31. 31. The 21 Bitcoin Computer is the first computer with native hardware and software support for the Bitcoin Protocol. Easily build bitcoin-payable apps, services, and devices Cost $ 399 This level of investment is changing how entrepreneurs do business and how large enterprises are thinking about future revenue models.
  32. 32. Key Objectives:  Distributed Transaction Processing & Applications without the need for centralized control infrastructure  Robust Security where no trusted third party is required to secure transactions. Solutions:  Peer-to-peer decentralized networks  A value-exchange protocol like the Blockchain  Autonomous Device Coordination Empowered Law Bitrated.com CryptoCorp Colored Coins Codius
  33. 33. ETHEREUM • The block chain is a powerful idea that could be applied to more than just transaction records. • One use can be to develop computerized, self-enforcing contracts that make automatic payments when a task is complete. • This can be extended to voting systems, crowdfunding platforms, and even other cryptocurrencies. • All these interaction need TRUST! • Ethereum is suited to these situations --- when users do not trust one another and where central control is a weakness ! • In 2014, to make it easier to develop such applications, Gavin Wood and Vitalik Buterin devised a way to combine the block chain with a programming language. At present it is the first Turing complete language in the space
  34. 34. Bitcoin Blockchain ,non- bitcoin currency Non-bitcoin currency & non-Bitcoin Blockchain  Own capital  Hire people  Issue shares  Produce profits  Pay Dividends To shareholders who host DACs
  35. 35. Big Data, IoT & Quantum Computing ECONOMICS COMPLEXITY ECONOMICS CONSENSUS SYSTEMS ENGINEERING REPUTATION ANONYMIZATION & PRIVACY TECH as TOOL PART OF US
  36. 36. Bio-Tech= Bio + Tech+ Info • Smart Textiles – Aesthetic – Performance Enhancing • How do you power them? • How do they communicate? • Can we use the body as an interface? • WIFI • SOLAR • BODY HEAT
  37. 37. Belly Band
  38. 38. A Quantum leap in Computer Science • Spin = 1 Spin = 0 qbit • 2 qbits- 00, 01, 10, and 11. • A one liter molecular computer with ~1018 logic elements might cost a few dollars. • 1027 logic operations per second at 1 gigahertz • Almost 10,000,000 Blue Gene supercomputers ($100,000,000 each) in parallel • Roughly the computational power of 1011 humans
  39. 39. • June 26, 2015: D-Wave Systems broke the 1000 qubit quantum computing barrier. At 1000 qubits, the processor considers 21000 possibilities simultaneously • Sept 3, 2015: Intel Invests US$50 Million to Advance Quantum Computing • Oct 5, 2015: Using Industrial Manufacturing technologies, University of New South Wales created the first t quantum logic gate in silicon Finance, Security and most importantly, Health care sectors will be impacted.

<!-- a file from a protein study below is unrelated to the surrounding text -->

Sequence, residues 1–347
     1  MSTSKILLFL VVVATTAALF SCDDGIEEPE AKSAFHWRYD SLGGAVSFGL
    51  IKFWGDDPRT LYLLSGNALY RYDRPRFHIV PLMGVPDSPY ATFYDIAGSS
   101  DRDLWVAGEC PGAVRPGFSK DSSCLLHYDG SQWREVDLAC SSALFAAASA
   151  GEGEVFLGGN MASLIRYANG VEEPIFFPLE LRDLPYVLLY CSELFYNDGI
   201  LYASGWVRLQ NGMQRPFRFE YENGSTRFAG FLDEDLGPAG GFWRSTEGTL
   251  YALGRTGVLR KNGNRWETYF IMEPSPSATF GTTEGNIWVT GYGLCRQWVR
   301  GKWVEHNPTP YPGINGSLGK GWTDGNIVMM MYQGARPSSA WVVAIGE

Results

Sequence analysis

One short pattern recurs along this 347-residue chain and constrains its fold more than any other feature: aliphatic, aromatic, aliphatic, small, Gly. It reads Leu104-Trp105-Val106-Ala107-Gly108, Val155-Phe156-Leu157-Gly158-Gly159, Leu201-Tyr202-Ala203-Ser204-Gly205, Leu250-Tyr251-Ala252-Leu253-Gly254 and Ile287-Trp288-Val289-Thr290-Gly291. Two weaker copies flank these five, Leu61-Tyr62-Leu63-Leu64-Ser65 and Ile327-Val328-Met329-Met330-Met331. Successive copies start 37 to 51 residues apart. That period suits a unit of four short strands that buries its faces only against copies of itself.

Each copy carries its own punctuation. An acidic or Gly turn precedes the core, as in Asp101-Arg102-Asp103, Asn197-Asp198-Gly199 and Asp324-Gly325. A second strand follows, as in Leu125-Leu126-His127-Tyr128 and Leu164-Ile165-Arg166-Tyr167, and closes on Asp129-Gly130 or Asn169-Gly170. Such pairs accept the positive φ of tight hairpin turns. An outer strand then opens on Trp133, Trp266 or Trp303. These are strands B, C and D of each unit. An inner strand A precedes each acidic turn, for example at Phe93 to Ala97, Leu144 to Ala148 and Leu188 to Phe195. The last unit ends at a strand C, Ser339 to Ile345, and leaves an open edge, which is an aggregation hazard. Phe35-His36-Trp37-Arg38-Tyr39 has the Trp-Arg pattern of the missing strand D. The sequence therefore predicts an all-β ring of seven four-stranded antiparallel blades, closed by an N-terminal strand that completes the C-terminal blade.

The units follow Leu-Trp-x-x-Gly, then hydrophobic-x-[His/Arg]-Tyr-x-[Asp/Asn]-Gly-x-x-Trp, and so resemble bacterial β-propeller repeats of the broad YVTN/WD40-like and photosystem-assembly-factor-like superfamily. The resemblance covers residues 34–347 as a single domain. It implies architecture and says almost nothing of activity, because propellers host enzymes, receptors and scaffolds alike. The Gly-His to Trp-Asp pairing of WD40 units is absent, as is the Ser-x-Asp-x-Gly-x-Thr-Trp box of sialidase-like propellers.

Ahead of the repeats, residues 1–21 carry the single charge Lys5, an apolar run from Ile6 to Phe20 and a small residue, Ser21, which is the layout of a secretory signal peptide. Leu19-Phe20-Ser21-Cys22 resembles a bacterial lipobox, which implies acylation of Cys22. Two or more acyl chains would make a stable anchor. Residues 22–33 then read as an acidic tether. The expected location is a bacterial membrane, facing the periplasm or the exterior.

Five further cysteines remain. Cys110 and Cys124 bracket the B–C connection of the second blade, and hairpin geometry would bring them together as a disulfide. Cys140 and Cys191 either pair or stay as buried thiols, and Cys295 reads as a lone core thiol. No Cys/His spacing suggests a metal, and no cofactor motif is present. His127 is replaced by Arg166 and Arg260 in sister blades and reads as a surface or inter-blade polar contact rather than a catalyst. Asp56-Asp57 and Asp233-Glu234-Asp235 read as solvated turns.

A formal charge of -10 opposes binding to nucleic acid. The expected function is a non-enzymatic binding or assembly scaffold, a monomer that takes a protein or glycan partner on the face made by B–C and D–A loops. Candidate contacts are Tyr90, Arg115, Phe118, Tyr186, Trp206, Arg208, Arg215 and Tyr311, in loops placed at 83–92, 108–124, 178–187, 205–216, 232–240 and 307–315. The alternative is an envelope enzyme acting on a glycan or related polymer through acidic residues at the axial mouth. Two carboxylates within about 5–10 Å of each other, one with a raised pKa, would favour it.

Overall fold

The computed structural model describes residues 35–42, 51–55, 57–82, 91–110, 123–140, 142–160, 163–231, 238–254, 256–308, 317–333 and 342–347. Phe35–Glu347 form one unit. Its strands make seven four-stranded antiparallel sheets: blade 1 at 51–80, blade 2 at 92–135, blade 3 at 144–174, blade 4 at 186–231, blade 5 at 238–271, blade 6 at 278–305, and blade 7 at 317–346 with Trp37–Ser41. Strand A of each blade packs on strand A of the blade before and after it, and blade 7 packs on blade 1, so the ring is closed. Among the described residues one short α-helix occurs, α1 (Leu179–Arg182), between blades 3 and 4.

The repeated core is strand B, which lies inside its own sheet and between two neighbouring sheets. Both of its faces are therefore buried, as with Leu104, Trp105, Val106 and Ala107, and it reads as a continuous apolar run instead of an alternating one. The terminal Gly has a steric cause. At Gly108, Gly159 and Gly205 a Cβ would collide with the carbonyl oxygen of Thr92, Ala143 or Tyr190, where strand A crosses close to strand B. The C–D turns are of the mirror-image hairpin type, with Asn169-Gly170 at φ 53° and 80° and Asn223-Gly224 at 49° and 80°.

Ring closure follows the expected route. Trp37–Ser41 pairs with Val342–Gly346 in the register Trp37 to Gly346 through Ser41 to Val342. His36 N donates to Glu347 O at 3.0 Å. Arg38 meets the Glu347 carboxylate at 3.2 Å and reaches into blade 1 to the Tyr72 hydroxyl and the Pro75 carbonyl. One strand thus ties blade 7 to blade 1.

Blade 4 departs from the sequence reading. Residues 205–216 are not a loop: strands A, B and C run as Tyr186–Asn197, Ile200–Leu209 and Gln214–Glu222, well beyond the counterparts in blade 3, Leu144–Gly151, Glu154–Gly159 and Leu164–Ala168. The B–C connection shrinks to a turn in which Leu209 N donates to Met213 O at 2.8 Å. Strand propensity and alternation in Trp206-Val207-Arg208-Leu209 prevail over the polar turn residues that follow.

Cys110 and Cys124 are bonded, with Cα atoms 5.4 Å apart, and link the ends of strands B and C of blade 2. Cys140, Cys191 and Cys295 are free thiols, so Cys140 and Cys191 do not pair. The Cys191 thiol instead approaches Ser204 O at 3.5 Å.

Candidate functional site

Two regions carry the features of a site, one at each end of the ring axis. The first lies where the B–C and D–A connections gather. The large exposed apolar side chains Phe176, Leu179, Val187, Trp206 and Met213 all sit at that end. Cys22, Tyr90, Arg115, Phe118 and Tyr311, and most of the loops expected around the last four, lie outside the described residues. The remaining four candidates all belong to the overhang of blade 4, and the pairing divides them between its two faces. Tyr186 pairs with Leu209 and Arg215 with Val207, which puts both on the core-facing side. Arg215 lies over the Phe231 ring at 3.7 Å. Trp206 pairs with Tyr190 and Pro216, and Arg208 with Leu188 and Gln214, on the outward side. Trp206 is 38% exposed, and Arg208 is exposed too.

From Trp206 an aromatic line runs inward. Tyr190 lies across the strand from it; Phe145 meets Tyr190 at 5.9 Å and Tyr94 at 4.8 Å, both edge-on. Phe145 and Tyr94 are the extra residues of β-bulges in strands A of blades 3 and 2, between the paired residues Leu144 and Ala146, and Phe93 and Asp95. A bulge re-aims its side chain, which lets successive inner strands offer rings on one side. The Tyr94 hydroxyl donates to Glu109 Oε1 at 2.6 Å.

40. 40. Super Computing The Universe is made up of matter and energy and is governed by mathematical equations. Humans are remarkably creative, intelligent and adept at uncovering underlying mathematical equations, yet they need computers to solve problems at a grand scale for societal problems. Really big problems require very large computational capabilities. Supercomputing leverages and integrates the best technologies to help scientists transform their research into new discoveries. Supercomputing is the invisible engine that impacts safety, security and quality of life in today’s society. From predicting hurricanes to finding more efficient energy sources to designing new drugs to cure diseases, supercomputing is fundamental to society
  41. 41. Networks and Computing Systems
  42. 42. Apart From Machine Learning, Natural Language Processing, Quantum Computing, and IBM Watson
  43. 43. Topics – 2nd Half  Nanotechnology and 3D Printing  CRISPR, Synthetic Biology and Bioinformatics  Virtual Reality
  44. 44. 3D Printing CHUCK HILL
  45. 45. 3D Printed Integrated Circuits • Conductive Ink lets you print objects and circuits in one machine. • This reduces cost, time and the business relationship with suppliers. • The company has also created inks that can print lithium-ion batteries. • This liquid power source can be deposited between components to reduce size.
  46. 46. 3D Printing in the Bio Tech Sector Anatomics: 3D Prints Titanium Ribs and Sternum for Cancer Patient Using CT scans of the patient’s chest, they created a precise 3D model, and then printed the implant • As 3D printing allows products to be custom-matched to an exact body shape, it is being used to make better titanium bone implants, prosthetic limbs and orthodontic devices. • Experiments in printing soft tissue are underway, and may soon allow printed veins and arteries to be used in operations. • Today’s research into medical applications of 3D printing covers nano-medicine, pharmaceuticals and printing of organs. • 3D printing is now being used to customize medicines and reduce, if not eliminate, organ donor shortage.